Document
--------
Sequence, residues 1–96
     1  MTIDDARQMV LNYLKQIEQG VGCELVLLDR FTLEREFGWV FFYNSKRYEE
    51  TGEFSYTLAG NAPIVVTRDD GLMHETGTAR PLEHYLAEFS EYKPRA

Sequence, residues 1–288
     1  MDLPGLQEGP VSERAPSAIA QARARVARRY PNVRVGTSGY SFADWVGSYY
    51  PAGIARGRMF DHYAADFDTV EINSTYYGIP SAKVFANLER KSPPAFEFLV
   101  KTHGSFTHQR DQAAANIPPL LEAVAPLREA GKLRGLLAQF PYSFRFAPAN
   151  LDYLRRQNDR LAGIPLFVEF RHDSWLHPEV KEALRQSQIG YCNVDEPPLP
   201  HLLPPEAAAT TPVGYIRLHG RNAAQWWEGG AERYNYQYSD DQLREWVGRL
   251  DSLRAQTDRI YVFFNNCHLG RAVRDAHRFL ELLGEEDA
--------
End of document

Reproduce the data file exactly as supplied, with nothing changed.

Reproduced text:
Sequence, residues 1–96
     1  MTIDDARQMV LNYLKQIEQG VGCELVLLDR FTLEREFGWV FFYNSKRYEE
    51  TGEFSYTLAG NAPIVVTRDD GLMHETGTAR PLEHYLAEFS EYKPRA

Sequence, residues 1–288
     1  MDLPGLQEGP VSERAPSAIA QARARVARRY PNVRVGTSGY SFADWVGSYY
    51  PAGIARGRMF DHYAADFDTV EINSTYYGIP SAKVFANLER KSPPAFEFLV
   101  KTHGSFTHQR DQAAANIPPL LEAVAPLREA GKLRGLLAQF PYSFRFAPAN
   151  LDYLRRQNDR LAGIPLFVEF RHDSWLHPEV KEALRQSQIG YCNVDEPPLP
   201  HLLPPEAAAT TPVGYIRLHG RNAAQWWEGG AERYNYQYSD DQLREWVGRL
   251  DSLRAQTDRI YVFFNNCHLG RAVRDAHRFL ELLGEEDA